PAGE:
There’s a Psychological Reason You Laugh at the Worst Times
By Editorial Staff
Picture this: You’re having a serious conversation with your significant other. They’re flustered and upset ... but you start laughing. You don’t even know why you’re laughing, and you’re trying so hard not to, but it’s happening anyway. (And it’s followed by a whole lot of guilt.) Well, we have some good news. If you find yourself in this kind of situation, you’re not alone.
The reasoning behind laughing during serious moments is very situational and varies on the person and their psychological status. "Clients with neurodevelopmental delays such as ADHD, OCD, ASD, and others will often struggle with appropriate emotional reactions to sad or horrific events,” Kelley Hopkins-Alvarez, a licensed professional counselor and board-certified coach, told Reader’s Digest. “There is [also] a very small percentage of our society who would fall into the category of a sociopath, these people seem to get pleasure out of others' pain, and they lack empathy or concern for others.”
In these situations, “[People with neurodevelopmental delays] can benefit from cognitive behavioral therapy, either in group and or individual therapy formats, to help them develop appropriate emotional responses that don’t come naturally to them,” says Hopkins-Alvarez.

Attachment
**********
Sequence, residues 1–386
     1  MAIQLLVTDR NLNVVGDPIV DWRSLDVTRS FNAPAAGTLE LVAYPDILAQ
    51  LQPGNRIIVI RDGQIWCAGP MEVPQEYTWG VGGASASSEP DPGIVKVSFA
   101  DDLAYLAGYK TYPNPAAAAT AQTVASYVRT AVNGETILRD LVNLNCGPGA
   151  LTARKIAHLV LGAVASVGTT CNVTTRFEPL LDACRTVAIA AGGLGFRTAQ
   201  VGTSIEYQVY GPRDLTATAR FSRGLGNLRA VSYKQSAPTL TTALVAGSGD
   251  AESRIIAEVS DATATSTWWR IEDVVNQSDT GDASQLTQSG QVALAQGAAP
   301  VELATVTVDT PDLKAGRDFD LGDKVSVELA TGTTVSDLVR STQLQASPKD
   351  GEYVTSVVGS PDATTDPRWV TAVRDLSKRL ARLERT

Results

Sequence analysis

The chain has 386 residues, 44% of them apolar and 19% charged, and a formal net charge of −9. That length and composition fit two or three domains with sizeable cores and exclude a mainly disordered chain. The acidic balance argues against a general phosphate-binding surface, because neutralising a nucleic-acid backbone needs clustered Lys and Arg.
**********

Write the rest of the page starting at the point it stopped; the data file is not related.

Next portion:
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So, what if you don’t have a known neurodevelopmental delay? Before you start looking up symptoms, local psychologists, and questioning whether or not you’re secretly a sociopath, there’s another reason you may be experiencing this. You might be subconsciously defending yourself from, well, yourself.
“Sometimes people laugh when something is sad because they are trying to deflect going deeper into their emotions,” says Hopkins-Alvarez.
“This may be an unconscious process that is occurring, not necessarily a conscious one.” In other words, your mind is putting up a type of wall to combat these overwhelming emotions—and it’s totally normal.